Etymology
Advertisement

interlude (n.)

formerly also enterlude, c. 1300, from Old French entrelude and directly from Medieval Latin interludium "an interlude," from Latin inter "between" (see inter-) + ludus "a play" (see ludicrous). Originally the term for farcical episodes ("generally short and coarse" - Century Dictionary) drawn from real life introduced between acts of long mystery or morality plays. In 17c.-18c. it meant "popular stage play;" transferred (non-dramatic) sense of "interval in the course of some action" is from 1751. Related: Interludial.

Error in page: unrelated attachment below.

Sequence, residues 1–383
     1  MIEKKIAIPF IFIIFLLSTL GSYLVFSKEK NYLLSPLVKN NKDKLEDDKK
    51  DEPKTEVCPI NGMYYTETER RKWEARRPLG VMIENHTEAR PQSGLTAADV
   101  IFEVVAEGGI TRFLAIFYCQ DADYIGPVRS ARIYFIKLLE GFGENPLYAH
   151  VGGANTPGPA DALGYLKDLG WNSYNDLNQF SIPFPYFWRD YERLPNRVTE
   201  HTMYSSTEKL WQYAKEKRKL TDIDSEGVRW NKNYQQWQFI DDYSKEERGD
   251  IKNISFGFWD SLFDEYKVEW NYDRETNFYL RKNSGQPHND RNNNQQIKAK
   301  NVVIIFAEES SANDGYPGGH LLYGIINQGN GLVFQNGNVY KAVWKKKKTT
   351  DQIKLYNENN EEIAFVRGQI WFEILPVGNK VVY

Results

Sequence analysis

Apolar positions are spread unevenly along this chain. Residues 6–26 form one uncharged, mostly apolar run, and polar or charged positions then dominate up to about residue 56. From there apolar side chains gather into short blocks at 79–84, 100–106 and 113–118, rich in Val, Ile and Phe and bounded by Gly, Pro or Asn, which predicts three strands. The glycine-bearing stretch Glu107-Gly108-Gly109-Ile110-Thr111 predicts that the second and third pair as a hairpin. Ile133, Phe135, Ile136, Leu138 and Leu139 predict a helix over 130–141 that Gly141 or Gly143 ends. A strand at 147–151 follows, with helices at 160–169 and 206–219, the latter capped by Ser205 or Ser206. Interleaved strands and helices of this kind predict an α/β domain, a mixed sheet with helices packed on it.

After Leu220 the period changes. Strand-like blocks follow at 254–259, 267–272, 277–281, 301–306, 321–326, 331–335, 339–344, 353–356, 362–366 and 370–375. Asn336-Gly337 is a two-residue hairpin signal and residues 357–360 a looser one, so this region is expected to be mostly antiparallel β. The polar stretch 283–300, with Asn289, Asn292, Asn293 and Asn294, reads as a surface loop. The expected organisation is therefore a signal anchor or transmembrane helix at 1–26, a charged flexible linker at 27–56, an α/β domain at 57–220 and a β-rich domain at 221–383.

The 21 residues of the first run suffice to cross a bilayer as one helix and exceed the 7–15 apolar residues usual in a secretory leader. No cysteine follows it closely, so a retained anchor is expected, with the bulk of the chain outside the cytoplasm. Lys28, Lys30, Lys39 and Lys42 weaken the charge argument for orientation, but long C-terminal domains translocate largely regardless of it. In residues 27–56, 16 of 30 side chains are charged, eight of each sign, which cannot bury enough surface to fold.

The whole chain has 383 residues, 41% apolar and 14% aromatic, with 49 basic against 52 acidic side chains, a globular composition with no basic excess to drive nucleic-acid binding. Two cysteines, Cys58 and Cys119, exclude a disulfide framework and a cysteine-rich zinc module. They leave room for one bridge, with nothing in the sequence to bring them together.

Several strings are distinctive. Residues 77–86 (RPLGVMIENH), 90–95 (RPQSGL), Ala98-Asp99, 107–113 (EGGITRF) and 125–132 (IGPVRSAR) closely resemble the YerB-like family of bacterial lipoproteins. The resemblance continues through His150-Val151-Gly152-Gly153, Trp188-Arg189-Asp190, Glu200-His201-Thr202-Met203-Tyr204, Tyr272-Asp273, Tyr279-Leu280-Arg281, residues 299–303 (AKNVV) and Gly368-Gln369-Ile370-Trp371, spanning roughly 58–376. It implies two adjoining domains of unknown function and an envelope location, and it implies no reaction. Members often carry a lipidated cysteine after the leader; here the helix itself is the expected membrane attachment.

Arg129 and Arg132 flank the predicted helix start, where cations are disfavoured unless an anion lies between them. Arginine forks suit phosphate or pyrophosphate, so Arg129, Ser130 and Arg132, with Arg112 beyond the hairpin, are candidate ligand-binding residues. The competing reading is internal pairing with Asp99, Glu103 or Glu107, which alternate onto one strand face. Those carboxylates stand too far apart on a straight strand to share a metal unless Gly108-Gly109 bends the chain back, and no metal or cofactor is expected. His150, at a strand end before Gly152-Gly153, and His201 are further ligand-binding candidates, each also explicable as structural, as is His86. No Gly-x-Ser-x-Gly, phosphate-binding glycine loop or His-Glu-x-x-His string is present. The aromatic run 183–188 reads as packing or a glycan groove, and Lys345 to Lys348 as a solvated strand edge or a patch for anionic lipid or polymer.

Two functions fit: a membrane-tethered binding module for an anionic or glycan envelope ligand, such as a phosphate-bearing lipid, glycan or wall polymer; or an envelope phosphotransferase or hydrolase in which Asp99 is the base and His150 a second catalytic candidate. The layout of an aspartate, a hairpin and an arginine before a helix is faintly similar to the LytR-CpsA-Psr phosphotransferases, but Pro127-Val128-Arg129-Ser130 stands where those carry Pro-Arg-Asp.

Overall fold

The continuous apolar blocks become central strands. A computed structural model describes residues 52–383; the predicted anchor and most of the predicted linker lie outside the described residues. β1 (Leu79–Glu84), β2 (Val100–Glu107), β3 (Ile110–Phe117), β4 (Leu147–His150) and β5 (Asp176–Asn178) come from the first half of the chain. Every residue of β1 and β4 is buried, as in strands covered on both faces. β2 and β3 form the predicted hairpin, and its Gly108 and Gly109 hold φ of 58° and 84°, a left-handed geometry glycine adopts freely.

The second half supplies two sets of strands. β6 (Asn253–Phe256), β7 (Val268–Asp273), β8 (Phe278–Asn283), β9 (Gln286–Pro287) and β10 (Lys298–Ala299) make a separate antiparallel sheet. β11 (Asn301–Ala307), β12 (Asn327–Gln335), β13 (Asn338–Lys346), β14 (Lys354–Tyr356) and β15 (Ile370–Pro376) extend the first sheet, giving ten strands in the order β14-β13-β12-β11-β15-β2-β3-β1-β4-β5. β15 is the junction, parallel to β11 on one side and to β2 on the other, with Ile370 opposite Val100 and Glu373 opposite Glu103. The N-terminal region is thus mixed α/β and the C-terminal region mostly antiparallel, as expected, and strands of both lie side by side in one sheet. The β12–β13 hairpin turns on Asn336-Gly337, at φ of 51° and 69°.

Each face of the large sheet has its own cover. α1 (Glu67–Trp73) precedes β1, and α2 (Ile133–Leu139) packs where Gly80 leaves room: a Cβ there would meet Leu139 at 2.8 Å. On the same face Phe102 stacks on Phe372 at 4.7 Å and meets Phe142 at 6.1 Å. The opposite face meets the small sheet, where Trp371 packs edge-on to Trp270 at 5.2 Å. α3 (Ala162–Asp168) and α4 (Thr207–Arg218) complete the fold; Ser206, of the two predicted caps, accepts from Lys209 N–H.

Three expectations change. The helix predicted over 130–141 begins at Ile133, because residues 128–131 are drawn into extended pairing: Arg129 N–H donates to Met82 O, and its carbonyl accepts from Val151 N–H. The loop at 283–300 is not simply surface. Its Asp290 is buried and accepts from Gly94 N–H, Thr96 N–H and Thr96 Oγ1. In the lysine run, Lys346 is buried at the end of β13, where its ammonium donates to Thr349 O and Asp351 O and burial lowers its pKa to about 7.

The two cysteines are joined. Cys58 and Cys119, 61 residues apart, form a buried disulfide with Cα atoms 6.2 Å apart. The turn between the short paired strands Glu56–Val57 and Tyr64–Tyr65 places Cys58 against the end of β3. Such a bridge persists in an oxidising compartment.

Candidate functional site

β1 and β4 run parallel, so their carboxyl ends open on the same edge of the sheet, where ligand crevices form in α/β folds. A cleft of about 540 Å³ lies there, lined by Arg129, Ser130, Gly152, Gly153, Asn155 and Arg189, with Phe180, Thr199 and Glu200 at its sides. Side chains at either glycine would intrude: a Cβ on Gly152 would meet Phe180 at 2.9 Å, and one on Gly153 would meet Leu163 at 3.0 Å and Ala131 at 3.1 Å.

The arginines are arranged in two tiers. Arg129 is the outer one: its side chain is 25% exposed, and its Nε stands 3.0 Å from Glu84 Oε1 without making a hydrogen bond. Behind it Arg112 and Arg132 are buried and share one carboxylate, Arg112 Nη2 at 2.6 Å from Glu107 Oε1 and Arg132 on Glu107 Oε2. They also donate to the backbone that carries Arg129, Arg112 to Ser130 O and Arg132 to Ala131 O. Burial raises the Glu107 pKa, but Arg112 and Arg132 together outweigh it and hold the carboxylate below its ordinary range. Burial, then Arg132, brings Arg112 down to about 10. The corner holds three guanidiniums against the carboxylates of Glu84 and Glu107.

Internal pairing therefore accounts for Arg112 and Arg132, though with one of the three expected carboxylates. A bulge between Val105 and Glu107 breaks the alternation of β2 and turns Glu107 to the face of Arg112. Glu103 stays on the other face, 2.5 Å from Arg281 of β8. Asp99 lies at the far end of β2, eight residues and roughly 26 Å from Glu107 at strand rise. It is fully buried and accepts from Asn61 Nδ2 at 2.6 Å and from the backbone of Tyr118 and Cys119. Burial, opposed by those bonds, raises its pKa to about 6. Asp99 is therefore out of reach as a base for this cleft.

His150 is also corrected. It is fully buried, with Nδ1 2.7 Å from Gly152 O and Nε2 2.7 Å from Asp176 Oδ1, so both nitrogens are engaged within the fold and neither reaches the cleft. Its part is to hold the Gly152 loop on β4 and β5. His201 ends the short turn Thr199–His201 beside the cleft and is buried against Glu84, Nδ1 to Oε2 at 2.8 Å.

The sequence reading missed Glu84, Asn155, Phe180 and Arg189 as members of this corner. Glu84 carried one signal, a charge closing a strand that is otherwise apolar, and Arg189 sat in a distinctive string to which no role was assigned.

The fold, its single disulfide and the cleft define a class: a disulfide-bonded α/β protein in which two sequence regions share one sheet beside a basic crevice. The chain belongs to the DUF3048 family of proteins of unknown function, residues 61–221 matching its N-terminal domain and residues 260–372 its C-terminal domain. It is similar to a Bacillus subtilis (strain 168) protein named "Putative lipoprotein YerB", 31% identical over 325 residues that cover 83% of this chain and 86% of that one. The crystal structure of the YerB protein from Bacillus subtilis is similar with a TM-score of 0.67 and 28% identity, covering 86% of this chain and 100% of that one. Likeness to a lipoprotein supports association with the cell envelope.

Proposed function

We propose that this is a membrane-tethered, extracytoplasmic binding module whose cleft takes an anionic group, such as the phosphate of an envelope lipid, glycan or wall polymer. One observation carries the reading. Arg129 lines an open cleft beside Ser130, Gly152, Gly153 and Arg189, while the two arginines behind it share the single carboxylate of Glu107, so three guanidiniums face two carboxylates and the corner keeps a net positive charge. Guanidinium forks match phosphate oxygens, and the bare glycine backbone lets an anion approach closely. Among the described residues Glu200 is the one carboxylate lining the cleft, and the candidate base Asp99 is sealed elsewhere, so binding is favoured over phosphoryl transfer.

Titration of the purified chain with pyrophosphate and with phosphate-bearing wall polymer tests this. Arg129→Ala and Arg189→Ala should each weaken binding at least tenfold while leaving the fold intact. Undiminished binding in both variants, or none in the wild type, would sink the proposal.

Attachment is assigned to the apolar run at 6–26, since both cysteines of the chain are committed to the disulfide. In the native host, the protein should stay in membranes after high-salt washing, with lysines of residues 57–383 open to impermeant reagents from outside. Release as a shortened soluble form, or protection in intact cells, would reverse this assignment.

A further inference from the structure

Others are reading

Advertisement
Advertisement
Definitions of interlude
1
interlude (n.)
an intervening period or episode;
interlude (n.)
a brief show (music or dance etc) inserted between the sections of a longer performance;
Synonyms: intermezzo / entr'acte
2
interlude (v.)
perform an interlude;
The guitar player interluded with a beautiful improvisation
From wordnet.princeton.edu